You do not have to venture far into discussions had by those born before the rise of the internet to hear the ever-pervasive words, ‘When I was that age, we read books and played outside…’ While it is true that children and young adults are consistently stereotyped to have a tendency to reach for an Xbox controller or computer mouse rather than a book, the video games industry has a significant and fascinating effect on the book publishing industry. Video games are a significant and dominating force in the media and entertainment industry across the globe. The United Kingdom alone has a current revenue of $4.5 billion and is the sixth largest gaming market in the world, with close to 40 million players.
Over recent years, studies have repeatedly shown that those who engage with video games are likely to engage with other media, such as reviews, blogs, social media posts, and yes – books. I was lucky enough to be able to attend the Bookseller’s Children’s Conference 2021 this year, and within this event I was struck by a presentation by Nick Walters, managing director of SuperAwesome Gaming. In this presentation, Walters introduces the concept of the Metaverse and how this impacts the bookselling and publishing industry. So, what exactly is the Metaverse? Walters describes the Metaverse as an environment that has been constructed digitally – rather like how getting lost in a good book allows you to create an imaginary universe in your mind’s eye. However, the metaverse is ‘highly social…where activities that would once have happened in real life are recreated digitally’.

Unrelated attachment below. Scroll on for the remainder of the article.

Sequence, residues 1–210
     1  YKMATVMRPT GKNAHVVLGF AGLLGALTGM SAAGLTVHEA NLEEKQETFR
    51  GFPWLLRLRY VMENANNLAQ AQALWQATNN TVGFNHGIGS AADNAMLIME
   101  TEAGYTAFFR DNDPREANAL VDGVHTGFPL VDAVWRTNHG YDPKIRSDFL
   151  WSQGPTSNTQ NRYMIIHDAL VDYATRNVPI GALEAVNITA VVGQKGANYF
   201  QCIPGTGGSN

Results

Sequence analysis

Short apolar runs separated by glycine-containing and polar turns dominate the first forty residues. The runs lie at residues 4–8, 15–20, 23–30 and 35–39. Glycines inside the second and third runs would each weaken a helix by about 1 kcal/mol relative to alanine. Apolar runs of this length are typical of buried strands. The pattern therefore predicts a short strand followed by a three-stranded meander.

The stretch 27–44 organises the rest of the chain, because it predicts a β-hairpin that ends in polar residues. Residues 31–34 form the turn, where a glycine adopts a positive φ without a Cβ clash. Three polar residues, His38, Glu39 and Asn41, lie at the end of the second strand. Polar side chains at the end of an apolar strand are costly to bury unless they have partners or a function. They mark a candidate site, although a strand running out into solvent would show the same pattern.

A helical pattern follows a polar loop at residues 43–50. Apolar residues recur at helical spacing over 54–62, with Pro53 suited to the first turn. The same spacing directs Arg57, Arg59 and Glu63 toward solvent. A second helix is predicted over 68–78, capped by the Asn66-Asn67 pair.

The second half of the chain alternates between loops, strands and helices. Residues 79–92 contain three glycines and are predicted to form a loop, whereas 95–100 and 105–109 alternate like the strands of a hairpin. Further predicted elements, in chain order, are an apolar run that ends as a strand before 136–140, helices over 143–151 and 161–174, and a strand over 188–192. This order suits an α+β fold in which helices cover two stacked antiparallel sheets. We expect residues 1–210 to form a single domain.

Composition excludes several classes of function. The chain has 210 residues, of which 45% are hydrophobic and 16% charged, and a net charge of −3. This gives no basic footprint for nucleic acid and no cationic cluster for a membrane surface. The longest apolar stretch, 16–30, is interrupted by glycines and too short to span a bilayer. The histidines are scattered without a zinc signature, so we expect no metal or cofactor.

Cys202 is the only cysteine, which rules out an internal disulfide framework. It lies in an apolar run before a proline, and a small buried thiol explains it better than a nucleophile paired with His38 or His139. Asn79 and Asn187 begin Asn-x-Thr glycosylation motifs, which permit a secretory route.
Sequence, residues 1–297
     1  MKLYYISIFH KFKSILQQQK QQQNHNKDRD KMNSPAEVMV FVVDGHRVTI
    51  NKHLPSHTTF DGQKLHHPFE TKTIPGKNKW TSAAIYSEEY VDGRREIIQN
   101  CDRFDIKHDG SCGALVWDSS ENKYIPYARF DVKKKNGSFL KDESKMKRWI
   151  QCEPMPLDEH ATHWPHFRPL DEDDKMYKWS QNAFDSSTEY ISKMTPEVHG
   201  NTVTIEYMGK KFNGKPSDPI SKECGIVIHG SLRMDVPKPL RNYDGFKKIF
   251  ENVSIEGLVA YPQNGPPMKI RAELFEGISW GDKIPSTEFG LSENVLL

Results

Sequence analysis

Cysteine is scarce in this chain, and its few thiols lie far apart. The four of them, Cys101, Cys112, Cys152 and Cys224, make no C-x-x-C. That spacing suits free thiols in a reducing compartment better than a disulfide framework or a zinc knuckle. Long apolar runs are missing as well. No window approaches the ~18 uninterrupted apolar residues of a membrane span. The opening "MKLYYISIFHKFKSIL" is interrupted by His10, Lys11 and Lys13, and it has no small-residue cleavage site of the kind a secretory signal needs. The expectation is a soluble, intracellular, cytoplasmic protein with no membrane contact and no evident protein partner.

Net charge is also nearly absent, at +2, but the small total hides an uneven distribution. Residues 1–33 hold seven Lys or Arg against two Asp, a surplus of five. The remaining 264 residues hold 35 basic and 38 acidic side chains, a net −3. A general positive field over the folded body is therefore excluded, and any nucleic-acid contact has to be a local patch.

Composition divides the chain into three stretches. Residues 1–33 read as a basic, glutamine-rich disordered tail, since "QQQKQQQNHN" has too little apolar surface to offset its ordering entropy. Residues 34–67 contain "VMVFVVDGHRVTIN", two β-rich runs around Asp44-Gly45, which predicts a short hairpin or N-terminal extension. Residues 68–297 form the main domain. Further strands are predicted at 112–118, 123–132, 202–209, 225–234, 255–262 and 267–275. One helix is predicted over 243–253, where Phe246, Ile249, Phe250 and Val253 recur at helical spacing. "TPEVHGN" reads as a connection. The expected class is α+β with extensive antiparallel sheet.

This concept of an online environment for escapism, socialising and enjoyment is particularly relevant today as we stumble out of the Covid-19 pandemic, where many activities have moved online or to digital platforms due to necessity, and thousands of people in the UK have found themselves becoming increasingly lonely. The first metaverse-like environments took the shape of websites aimed at children such as Club Penguin, and this has blossomed into a myriad of ‘shared, virtual experiences where users can seamlessly move between environments and platforms in new and exciting ways’. While this may seem to nullify the need for books for escapism, there may not be as much of a disparity between gaming and reading books as previously thought.
Increasingly, publishers and booksellers are embracing the digital age and the relevance and importance of video games on the industry. Games have the power to allow socialisation, build relationships, and can even improve literacy. A study by the UK’s National Literacy Trust showed a link between video games and literacy, empathy and mental wellbeing in young people, and the quality and depth of writing and storytelling in video games rivals that of the best published authors today. The books relating to the gaming industry are also on the rise, with books relating to the popular game Minecraft alone surpassing 17.2 million copies in print. The time to embrace the crossover between video games and books has passed, and the publishing landscape will continue to be shaped by this mutually beneficial relationship for years to come.